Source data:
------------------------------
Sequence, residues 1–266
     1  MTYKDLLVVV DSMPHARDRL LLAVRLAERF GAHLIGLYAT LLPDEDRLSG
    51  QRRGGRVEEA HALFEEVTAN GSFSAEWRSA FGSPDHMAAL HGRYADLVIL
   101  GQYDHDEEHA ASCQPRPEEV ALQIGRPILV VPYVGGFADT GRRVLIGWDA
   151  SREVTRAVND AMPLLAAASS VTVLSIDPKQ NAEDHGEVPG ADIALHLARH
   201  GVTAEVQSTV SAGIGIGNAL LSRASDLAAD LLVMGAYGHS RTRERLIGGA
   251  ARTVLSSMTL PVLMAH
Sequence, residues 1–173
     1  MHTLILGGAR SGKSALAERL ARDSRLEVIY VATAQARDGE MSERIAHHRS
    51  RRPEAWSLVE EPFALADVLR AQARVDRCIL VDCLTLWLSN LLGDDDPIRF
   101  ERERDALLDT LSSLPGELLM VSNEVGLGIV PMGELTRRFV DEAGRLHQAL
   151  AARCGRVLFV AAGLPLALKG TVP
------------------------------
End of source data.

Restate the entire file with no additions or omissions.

Sequence, residues 1–266
     1  MTYKDLLVVV DSMPHARDRL LLAVRLAERF GAHLIGLYAT LLPDEDRLSG
    51  QRRGGRVEEA HALFEEVTAN GSFSAEWRSA FGSPDHMAAL HGRYADLVIL
   101  GQYDHDEEHA ASCQPRPEEV ALQIGRPILV VPYVGGFADT GRRVLIGWDA
   151  SREVTRAVND AMPLLAAASS VTVLSIDPKQ NAEDHGEVPG ADIALHLARH
   201  GVTAEVQSTV SAGIGIGNAL LSRASDLAAD LLVMGAYGHS RTRERLIGGA
   251  ARTVLSSMTL PVLMAH
Sequence, residues 1–173
     1  MHTLILGGAR SGKSALAERL ARDSRLEVIY VATAQARDGE MSERIAHHRS
    51  RRPEAWSLVE EPFALADVLR AQARVDRCIL VDCLTLWLSN LLGDDDPIRF
   101  ERERDALLDT LSSLPGELLM VSNEVGLGIV PMGELTRRFV DEAGRLHQAL
   151  AARCGRVLFV AAGLPLALKG TVP